Obtaining a Wisconsin learners permit is a great achievement and most of the applicants are very excited once they finally get that piece of paper into their hands. However exciting this experience is, you must not let yourself forget that driving is a privilege and that there are numerous Wisconsin permit restrictions for you to observe. The learners permit restrictions that are placed onto all permit holders were designed to keep you safe until you get some driving experience and you must observe them for the sake of your safety and safety of other drivers that surround you on the road. If you choose not to abide to these permit requirements and break the restrictions, your driving privilege may be limited or revoked.
If you are one of the first time Wisconsin drivers license applicants, to you all these measures may seem very inconvenient and unnecessary. However, the Wisconsin Department of Transportation does not deem them to be so and they are right in enforcing these restrictions. Let's look at the most common causes of traffic accidents and how the Wisconsin permit restrictions work on correcting them.
Lack of driving experience is probably a number one cause of accidents for new drivers. If you just got a drivers license, chances are that you have less than 50 hours of driving behind your belt and this is simply not enough for dealing with many of the potentially dangerous situations on the road. Experienced drivers can be compared to chess players - they think a few steps ahead, which helps them recognize possible trouble before the situation escalates. This allows them to take steps to avoid a potentially dangerous situation and this is what is called defensive driving. Young drivers, on the other hand, don't have this skill yet and so they recognize a dangerous situation when they are already knee deep in it and it is too late to avoid it. Combined with poor control of the vehicle, this may lead to a disaster.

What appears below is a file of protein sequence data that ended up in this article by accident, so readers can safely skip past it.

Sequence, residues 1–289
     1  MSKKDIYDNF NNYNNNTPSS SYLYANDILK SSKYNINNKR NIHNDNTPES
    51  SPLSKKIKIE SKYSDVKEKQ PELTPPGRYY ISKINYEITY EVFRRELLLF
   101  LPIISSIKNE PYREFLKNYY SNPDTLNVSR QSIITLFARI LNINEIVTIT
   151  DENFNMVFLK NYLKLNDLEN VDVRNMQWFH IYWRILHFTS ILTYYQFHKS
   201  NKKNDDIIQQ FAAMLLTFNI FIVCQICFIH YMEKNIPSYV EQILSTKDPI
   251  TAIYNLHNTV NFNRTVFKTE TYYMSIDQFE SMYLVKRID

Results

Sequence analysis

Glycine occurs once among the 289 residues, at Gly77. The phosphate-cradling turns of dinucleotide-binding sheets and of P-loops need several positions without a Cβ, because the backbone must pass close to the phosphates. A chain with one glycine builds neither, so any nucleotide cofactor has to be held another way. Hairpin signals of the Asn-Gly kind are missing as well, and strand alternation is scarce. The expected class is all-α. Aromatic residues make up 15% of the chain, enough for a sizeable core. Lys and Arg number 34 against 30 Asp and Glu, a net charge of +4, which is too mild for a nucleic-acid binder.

However, driving experience by itself is not as dangerous as lack of driving experience and unwillingness or inability to recognize it. If you look at the crash rates for new drivers who are over the age of 20, they are significantly lower than crash rates for teen drivers. The reason for this is the fact that most of the older drivers are able to recognize their limitations when it comes to driving and take measures that would allow to compensate for the inexperience. In most cases, it means driving at lower speed, avoiding places with contested traffic. In others - limiting the number of passengers in the vehicle so you don't take responsibility for the lives of other people.
Teenagers frequently overestimate their driving ability and this is where the Wisconsin graduated drivers license program comes in. The graduated drivers license law specifies the learners permit and drivers license restrictions that are applicable only to drivers who are under 18 years of age. The graduated license program also mandates that all teenage learners permit applicants complete a Wisconsin drivers education class. Drivers ed classes consist of both classroom and behind the wheel instruction, they teach young drivers the rules of the road and safe driving practices, at the same time allowing them to apply the knowledge they got in a classroom on an actual road, behind the wheel, while being monitored by a professional driving instructor.